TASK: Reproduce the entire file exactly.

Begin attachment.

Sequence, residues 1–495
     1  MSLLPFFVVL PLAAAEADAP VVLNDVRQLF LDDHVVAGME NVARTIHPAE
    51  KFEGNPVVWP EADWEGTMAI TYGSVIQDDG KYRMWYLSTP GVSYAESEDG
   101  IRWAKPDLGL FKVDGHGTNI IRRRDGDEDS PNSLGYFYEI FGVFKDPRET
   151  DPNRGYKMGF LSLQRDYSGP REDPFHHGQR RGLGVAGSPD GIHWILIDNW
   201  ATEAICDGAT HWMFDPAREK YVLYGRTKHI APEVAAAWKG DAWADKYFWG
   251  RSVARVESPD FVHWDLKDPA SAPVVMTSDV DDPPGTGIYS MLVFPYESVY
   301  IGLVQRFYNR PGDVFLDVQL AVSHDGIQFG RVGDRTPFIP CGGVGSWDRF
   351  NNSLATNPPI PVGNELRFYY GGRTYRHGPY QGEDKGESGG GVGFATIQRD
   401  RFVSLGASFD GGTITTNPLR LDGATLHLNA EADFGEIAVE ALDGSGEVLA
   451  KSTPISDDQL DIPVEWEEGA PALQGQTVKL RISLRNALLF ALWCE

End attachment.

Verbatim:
Sequence, residues 1–495
     1  MSLLPFFVVL PLAAAEADAP VVLNDVRQLF LDDHVVAGME NVARTIHPAE
    51  KFEGNPVVWP EADWEGTMAI TYGSVIQDDG KYRMWYLSTP GVSYAESEDG
   101  IRWAKPDLGL FKVDGHGTNI IRRRDGDEDS PNSLGYFYEI FGVFKDPRET
   151  DPNRGYKMGF LSLQRDYSGP REDPFHHGQR RGLGVAGSPD GIHWILIDNW
   201  ATEAICDGAT HWMFDPAREK YVLYGRTKHI APEVAAAWKG DAWADKYFWG
   251  RSVARVESPD FVHWDLKDPA SAPVVMTSDV DDPPGTGIYS MLVFPYESVY
   301  IGLVQRFYNR PGDVFLDVQL AVSHDGIQFG RVGDRTPFIP CGGVGSWDRF
   351  NNSLATNPPI PVGNELRFYY GGRTYRHGPY QGEDKGESGG GVGFATIQRD
   401  RFVSLGASFD GGTITTNPLR LDGATLHLNA EADFGEIAVE ALDGSGEVLA
   451  KSTPISDDQL DIPVEWEEGA PALQGQTVKL RISLRNALLF ALWCE